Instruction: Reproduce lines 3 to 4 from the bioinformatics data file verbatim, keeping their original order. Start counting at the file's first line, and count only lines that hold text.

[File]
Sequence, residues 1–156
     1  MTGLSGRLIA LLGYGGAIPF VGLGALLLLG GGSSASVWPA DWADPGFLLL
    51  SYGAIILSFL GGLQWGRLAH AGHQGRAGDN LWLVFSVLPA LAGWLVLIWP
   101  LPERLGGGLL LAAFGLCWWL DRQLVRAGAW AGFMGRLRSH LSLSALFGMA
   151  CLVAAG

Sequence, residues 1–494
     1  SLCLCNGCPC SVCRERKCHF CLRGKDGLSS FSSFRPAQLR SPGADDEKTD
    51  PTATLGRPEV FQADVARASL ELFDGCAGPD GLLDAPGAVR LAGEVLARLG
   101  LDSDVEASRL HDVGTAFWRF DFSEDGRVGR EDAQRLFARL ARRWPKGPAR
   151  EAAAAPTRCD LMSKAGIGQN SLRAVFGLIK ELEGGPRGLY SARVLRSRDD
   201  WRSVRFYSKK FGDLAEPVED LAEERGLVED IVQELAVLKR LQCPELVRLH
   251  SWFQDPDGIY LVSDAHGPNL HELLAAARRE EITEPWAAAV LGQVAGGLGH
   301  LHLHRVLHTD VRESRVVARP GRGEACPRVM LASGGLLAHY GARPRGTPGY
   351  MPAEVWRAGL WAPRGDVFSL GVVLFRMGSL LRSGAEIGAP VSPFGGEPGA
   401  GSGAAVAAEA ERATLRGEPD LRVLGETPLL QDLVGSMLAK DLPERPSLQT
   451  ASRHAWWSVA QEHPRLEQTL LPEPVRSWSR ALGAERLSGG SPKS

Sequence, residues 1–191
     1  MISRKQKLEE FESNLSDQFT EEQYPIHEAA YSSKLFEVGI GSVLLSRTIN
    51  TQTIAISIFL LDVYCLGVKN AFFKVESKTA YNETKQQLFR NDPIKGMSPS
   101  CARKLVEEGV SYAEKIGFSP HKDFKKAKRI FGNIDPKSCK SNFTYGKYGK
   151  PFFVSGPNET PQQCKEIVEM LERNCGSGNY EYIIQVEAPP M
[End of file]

    51  SYGAIILSFL GGLQWGRLAH AGHQGRAGDN LWLVFSVLPA LAGWLVLIWP
   101  LPERLGGGLL LAAFGLCWWL DRQLVRAGAW AGFMGRLRSH LSLSALFGMA